JEFFERSON CITY - Hundreds of people from around the state gathered in the capital city Tuesday to raise awareness and learn about poverty. Lieutenant Governor Peter Kinder and Collins Tuohy, who's family story was made famous in the film "The Blind Side," spoke. Kinder spoke about programs for the poor.
Tuohy told the audience about the real story and how the film affected her life. She told the audience not to place value on others, and treat everyone kindly. "This is my challenge to you. When you leave here, the next person you pass, that might be the person that will change your life. So stop, turn around and get to know someone that you didn't. Make sure you place value upon them, because that person might be the person that changes your life forever," she said.
Larry Shelton, a Jefferson City resident, attended the event. He was homeless until a few years ago, when he said he decided to turn his life around. "I was homeless, nowhere to go, sleeping in vacant houses, sleeping in abandoned cars, out there strung out on drugs and alcohol. It was a disaster. And all these negative things that I was doing created a negative life for me," Shelton said.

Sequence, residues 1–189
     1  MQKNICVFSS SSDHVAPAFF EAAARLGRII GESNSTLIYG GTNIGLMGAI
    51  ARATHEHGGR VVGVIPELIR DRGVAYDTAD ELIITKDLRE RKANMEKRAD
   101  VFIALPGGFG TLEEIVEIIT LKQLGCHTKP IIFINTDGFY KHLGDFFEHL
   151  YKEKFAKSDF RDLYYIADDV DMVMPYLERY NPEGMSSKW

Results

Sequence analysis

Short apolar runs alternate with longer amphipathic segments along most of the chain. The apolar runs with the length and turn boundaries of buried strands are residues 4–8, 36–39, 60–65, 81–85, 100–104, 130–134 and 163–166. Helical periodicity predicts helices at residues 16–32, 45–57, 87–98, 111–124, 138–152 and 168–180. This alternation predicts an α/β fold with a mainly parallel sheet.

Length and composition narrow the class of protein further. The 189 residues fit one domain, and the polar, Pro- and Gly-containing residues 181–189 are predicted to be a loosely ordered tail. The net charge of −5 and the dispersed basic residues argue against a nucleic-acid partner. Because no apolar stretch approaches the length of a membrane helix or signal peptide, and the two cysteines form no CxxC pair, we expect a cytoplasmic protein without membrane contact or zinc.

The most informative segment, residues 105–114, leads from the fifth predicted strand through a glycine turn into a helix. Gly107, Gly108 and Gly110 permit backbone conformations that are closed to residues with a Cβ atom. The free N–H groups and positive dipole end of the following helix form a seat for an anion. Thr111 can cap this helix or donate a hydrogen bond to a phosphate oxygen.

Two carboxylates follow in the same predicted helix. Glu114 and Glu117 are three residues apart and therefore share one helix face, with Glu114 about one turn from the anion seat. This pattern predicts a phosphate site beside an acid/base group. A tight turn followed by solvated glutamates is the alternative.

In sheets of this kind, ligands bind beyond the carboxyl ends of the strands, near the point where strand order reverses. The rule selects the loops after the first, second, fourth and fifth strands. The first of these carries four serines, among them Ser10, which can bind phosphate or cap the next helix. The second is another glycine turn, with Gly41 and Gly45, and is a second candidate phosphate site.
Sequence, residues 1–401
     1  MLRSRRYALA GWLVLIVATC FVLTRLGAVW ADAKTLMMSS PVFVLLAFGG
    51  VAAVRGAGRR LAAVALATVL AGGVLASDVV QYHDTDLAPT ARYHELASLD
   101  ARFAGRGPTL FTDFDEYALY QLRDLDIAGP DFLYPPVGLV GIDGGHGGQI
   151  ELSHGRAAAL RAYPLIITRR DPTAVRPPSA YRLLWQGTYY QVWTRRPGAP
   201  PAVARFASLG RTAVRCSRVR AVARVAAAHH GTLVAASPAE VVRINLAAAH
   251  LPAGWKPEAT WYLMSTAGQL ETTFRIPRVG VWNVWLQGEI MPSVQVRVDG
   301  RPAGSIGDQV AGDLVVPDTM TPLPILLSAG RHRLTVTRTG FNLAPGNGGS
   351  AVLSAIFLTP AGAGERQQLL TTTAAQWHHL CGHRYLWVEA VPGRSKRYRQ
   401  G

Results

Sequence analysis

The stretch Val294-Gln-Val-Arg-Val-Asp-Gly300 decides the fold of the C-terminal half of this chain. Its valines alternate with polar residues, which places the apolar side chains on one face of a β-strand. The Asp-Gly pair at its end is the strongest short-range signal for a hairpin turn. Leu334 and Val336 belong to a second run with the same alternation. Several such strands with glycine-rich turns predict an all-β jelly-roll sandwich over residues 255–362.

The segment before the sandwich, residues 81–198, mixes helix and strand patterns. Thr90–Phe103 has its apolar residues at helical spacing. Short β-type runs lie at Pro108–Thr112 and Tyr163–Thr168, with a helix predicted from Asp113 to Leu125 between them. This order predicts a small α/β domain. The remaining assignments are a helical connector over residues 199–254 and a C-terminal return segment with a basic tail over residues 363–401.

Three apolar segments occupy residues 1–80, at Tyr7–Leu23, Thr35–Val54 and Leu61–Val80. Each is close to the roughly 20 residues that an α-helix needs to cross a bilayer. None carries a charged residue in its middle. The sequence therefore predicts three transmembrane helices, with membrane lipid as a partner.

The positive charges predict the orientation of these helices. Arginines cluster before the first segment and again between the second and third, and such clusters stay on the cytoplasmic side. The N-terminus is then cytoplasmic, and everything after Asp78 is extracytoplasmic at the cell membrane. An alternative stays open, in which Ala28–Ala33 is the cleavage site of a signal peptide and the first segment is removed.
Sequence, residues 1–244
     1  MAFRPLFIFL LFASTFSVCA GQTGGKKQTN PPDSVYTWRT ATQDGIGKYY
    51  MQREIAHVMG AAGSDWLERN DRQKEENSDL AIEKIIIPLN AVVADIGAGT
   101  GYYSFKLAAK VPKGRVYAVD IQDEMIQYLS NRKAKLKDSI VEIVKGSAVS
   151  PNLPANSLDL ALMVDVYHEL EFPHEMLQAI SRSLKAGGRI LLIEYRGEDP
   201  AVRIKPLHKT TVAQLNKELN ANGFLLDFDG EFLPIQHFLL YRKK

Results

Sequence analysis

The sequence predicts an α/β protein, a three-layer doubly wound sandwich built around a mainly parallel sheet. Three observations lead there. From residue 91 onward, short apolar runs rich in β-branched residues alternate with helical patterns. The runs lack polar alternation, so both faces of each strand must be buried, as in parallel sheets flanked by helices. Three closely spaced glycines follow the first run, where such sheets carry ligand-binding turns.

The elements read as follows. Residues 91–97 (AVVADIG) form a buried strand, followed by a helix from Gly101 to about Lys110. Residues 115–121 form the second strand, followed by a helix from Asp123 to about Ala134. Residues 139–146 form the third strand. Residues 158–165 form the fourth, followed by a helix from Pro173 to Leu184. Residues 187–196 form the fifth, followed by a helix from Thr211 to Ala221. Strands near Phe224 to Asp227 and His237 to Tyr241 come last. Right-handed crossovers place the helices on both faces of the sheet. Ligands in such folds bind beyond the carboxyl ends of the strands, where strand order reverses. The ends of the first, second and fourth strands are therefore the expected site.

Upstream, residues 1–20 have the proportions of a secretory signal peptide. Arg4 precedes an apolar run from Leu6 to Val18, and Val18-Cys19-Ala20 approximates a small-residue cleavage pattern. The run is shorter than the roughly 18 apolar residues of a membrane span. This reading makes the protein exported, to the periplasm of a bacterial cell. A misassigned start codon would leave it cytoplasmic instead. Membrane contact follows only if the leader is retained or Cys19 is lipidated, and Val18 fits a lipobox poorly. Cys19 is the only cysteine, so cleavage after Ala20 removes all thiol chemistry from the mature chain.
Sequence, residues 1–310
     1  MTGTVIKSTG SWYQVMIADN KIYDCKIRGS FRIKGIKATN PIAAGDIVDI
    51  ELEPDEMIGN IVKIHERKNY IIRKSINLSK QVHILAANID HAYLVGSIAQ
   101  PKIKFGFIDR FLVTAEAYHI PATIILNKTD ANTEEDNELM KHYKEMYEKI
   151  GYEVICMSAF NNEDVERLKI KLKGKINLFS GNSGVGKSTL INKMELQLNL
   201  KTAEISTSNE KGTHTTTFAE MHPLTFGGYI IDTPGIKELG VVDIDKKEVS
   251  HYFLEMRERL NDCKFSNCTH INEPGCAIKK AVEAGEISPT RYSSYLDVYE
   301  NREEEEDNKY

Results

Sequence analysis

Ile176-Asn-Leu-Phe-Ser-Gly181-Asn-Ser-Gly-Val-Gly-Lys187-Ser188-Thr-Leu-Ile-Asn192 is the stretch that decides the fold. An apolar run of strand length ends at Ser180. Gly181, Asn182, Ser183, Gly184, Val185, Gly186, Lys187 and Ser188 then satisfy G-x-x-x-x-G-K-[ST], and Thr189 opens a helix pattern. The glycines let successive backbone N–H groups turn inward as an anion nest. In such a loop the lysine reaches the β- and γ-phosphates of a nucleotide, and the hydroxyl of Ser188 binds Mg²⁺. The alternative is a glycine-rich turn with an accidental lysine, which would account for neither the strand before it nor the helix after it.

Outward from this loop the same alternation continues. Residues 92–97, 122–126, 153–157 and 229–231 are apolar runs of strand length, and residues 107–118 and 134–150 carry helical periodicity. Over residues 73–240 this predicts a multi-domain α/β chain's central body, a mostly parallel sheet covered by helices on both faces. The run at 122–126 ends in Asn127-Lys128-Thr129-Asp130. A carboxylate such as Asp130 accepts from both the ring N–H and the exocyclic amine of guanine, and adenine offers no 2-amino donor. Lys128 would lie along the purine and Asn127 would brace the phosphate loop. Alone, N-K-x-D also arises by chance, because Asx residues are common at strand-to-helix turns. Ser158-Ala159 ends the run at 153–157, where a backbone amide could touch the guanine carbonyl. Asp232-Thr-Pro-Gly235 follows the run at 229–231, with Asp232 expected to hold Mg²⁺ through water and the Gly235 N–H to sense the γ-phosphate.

Shelton told KOMU it's about believing in yourself and seeing beyond your circumstances. "When you say you're sick and tired of being sick and tired then you're going to get up out of poverty, you're going to get out of that box," he said.
Shelton wrote a book called, "Posmatology," about the power of positive thinking. He graduates from CMCA's Step Up to Leadership program on Wednesday evening.